10. Just get started. Choosing even one idea from this list will have a huge impact. Measure what you have done and build on it next year.

As an audience member, don't forget to do your part by taking mass transit, bringing a reusable water bottle and using recycling bins provided.  We're in this together!

Monday, August 4, 2014

Ignore the Polar Bear

Last week I saw a consumer product with a photo of a polar bear.  Right next to the sweet polar bear was the tag line, "The Right Choice."  Searching the rest of the packaging, I was unable to find any reason this product was environmentally the right choice or better than the competition.  Polar bears have become the symbol for Saving the Earth and can be found on cleaning products, office supplies and even the back of buses.

In the past, we have talked about greenwashing, the practice of "advertising positive environmental practices while acting in the opposite way", and hoped it would subside. Sadly, it is alive and well in 2014 although as consumers have gotten more savvy, so have the claims being made. How can you avoid falling prey to greenwashing in the meeting and event industry?

Here are a few tips: 

Be informed. The first step is to make sure you research your supply chain. What does it mean when your suppliers say they are sustainable? Don’t be afraid to ask them about their specific practices.

Understand what terms such as ‘organic’ and ‘natural’ mean. Natural does not necessarily mean healthy--arsenic, uranium and formaldehyde are natural yet poisonous. And as far as non-toxic goes, everything is can be toxic, or deadly in sufficient dosages including oxygen, water and salt.

Be clear on the criteria used by ecolabels and certifications. The hotel sector has quite a few, such as Green Seal (US), Green Key (Canada) and Green Globe (Europe and Austral-asia). These are all third party certifications which look at sustainable operations. LEED certification looks at green construction. When researching ecolabels and certifications look for those using clear criteria, that adopt third party verification and report regularly on their environmental performance.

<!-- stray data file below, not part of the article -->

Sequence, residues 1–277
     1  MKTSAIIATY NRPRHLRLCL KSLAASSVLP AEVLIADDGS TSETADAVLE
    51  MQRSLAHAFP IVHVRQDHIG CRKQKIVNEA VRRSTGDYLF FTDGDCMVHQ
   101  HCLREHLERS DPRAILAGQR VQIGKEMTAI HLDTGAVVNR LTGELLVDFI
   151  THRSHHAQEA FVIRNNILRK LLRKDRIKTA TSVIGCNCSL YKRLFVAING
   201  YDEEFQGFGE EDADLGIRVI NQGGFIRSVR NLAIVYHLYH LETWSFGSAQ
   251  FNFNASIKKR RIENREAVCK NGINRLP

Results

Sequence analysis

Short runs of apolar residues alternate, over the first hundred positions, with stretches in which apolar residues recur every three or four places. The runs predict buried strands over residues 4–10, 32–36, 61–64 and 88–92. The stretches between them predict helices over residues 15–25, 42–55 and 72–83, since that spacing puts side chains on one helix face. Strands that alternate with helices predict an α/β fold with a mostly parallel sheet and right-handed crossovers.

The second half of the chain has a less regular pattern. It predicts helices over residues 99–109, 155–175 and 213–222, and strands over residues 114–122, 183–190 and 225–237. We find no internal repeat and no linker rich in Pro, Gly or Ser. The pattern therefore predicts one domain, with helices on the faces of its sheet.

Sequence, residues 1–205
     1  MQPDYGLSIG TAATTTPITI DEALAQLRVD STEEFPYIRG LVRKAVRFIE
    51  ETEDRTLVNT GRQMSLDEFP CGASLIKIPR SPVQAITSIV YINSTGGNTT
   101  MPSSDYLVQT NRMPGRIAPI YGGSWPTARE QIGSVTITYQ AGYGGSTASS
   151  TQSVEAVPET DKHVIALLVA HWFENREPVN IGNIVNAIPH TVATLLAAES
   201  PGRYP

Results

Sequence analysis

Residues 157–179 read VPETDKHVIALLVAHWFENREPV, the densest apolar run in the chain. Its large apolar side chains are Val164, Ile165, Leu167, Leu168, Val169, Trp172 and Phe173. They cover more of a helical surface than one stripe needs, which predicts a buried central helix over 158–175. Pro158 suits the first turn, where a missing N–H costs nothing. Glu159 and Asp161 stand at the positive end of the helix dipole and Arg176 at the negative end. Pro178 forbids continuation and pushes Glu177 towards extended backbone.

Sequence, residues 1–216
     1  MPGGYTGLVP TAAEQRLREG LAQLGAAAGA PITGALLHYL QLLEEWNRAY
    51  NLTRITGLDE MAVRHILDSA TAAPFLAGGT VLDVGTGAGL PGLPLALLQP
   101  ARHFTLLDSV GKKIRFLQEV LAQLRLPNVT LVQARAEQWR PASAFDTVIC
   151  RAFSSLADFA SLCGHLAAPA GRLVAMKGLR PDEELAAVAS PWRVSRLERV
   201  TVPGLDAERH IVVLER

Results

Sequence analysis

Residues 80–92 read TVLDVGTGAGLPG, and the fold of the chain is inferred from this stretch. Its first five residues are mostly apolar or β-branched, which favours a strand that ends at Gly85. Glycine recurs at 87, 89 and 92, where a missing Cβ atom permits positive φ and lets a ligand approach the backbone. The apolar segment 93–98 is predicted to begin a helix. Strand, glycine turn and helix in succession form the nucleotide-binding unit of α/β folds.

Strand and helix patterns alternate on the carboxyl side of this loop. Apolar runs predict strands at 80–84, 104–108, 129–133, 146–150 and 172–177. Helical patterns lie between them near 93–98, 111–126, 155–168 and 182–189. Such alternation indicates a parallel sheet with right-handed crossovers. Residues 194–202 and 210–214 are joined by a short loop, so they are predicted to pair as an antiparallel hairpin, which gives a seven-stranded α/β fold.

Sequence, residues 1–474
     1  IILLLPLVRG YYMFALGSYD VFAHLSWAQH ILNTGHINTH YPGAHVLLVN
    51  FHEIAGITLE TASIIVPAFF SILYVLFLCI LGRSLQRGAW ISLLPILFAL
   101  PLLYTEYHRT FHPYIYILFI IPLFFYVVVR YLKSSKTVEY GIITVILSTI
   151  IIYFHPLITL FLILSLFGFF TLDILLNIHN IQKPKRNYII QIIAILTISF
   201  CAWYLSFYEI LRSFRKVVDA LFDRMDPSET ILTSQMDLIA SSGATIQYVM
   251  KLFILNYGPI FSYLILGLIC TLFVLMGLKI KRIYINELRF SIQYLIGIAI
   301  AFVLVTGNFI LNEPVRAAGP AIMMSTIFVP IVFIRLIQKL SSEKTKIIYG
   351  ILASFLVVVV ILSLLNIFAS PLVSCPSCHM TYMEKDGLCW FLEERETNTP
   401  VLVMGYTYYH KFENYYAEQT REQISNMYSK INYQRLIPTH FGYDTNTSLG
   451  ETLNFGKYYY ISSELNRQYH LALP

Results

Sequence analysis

Participate in a back of house tour. This is the most effective way to ensure that vendors who claim to be green actually have sustainable practices in place. Ask to see the kitchen and areas where waste is sorted. Vendors who are being honest will not be fearful of letting you see what they do in the back of house. Note: this is a critical step which I missed once and learned the lesson the hard way.  Learn from my mistakes.

Be transparent in your own practices. Do what you say and be honest about what you do. Your risk of greenwashing in your organization is reduced when you are clear and up front about your commitment, intentions and actions.

Step away from the polar bear and remember the general rule of thumb applies: Caveat emptor – buyer beware!

Tuesday, June 24, 2014

Business Lessons from Twenty Years in the Event Industry

Celebrating MeetGreen's 20th Anniversary

They say if you start a business and it is still in business five years later, you are a success.  I would add, if you start a business and twenty years later you are still engaged, excited and passionate about what the company brings to the world, you are triumphant.

As we celebrate MeetGreen’s 20th Anniversary this year, the excitement and passion for our work as a talented group of impeccable professionals is unmistakable.   Not resting on our laurels of being acclaimed pioneers in sustainable meeting management, we are pushing forward to bring the power of human connection to the future of meeting design.

Pausing to reflect during this important company milestone, I share the secrets of our triumph:

  1. ALWAYS surround yourself with the best, brightest and most passionate people.
  2. Technology is your friend, embrace it.
  3. Empower your team to take the initiative.
  4. There is no such thing as giving a client too much service.
  5. Make decisions based on people, profit AND planet.
  6. Hiring people is fun, firing is not.
  7. Never stop learning and growing.
  8. Data is important.  Track it, measure it, analyze it.
  9. Someone else probably has a better idea than you.
  10. Always acknowledge an employee’s contribution.
  11. Nothing is off the record.
  12. Treat your vendors as true partners.
  13. Everyone pitches in during “crunch time” and that means everyone.
  14. Showing stress at work is contagious, so is showing kindness.